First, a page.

Protecting Mauritania’s archeological heritage around Tasiast

Not far from our Tasiast gold mine are rich finds of another kind; buried cultural treasures, including stone tools and tombs dating as far back as 9,000 ago that our Tasiast team is helping to preserve and protect.

To the untrained eye, the archeological sites scattered amongst the stubby shrubs and dunes of the Mauritanian desert are hard to identify, but they are testaments to a once well-inhabited region. Archeologists suspect the Sahel was once lush and green before desertification crept across the land about 4,000 years, pushing human settlement out with it.

The former inhabitants however, left behind a rich trove for archaeologists to study and document. Some of the sites that have been discovered include Neolithic occupation and burial sites, thought to be approximately 2,800 – 9,000 years old. Among the found artifacts are stone tools (projectile points, knives, awls, scrapers, polished axes and waste flakes), milling stones for grinding or crushing food, broken pottery, some of it decorated, and fragments of eroded, bleached-white animal and human bones.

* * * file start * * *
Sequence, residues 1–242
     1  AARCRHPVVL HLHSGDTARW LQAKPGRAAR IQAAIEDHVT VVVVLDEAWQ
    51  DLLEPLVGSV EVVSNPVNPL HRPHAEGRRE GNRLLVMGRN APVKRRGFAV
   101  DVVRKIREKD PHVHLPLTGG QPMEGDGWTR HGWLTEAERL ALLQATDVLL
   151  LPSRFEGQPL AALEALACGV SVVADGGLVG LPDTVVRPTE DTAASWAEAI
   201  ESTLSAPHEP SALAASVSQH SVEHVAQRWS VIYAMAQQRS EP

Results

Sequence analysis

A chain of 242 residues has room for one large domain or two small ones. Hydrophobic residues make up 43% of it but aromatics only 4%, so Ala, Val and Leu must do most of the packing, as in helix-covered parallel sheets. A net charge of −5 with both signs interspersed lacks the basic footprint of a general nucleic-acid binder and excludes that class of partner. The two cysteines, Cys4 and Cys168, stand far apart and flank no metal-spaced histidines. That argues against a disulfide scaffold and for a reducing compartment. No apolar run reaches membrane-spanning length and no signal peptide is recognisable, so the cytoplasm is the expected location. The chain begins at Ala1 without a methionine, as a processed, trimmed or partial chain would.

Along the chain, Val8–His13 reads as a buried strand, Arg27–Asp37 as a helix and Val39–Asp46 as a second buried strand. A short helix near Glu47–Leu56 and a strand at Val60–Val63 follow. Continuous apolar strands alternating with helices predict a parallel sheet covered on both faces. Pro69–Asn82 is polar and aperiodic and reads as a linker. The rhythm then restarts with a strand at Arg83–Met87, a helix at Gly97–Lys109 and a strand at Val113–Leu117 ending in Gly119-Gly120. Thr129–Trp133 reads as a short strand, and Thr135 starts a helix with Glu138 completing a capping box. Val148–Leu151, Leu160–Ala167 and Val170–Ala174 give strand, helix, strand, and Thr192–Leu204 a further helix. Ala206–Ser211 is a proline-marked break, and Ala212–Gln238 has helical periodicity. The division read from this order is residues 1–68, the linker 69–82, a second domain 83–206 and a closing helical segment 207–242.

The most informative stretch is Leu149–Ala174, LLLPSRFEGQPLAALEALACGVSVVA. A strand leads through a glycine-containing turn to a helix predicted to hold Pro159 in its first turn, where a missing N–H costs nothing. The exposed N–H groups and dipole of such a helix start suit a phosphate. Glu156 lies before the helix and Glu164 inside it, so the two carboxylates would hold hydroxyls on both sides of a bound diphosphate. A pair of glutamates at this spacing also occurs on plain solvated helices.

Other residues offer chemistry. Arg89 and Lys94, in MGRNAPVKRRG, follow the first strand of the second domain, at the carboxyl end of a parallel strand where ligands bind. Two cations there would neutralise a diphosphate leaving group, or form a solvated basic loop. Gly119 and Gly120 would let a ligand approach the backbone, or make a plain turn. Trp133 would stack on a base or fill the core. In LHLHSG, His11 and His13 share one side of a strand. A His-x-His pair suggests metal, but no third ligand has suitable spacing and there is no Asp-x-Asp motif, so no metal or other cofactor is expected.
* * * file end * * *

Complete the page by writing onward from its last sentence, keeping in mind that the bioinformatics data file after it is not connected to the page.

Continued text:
As part of our commitment to protect Mauritania’s archaeological heritage, members of our Tasiast team recently took part in a workshop on archaeological sites protection organized by the Mauritanian Institute for Scientific Research (IMRS) in the capital city of Nouakchott.

“These finds are integral to the social and cultural fabric of Mauritania. It’s very rewarding to play a part in their discovery and preservation through our partnership with IMRS,” said Environmental Manger André Pieters at the workshop’s launch.

Tasiast management has put in place a number of measures to minimize any potential impact of mining operations on these archaeological sites. Among these is the Chance Find Procedure which stipulates that upon discovery of actual or suspected archaeological remains, work should be stopped, the site protected and the remains reported and documented. All sites of potential interest are fenced in.

Clustered on rocky ridges are Protohistoric tombs dating from 2,500 BP – 1,000 AD, generally 2 to 10 metres wide and 0.5 to 2 metres high

Variations of these tombs include crescent-shaped ‘antenna’ tombs, large tombs with kerbstones and standing stones, some of which may date from the Neolithic period

A close-up of a tomb

André Pieters, Environment Manager, Tasiast, at the IMRS workshop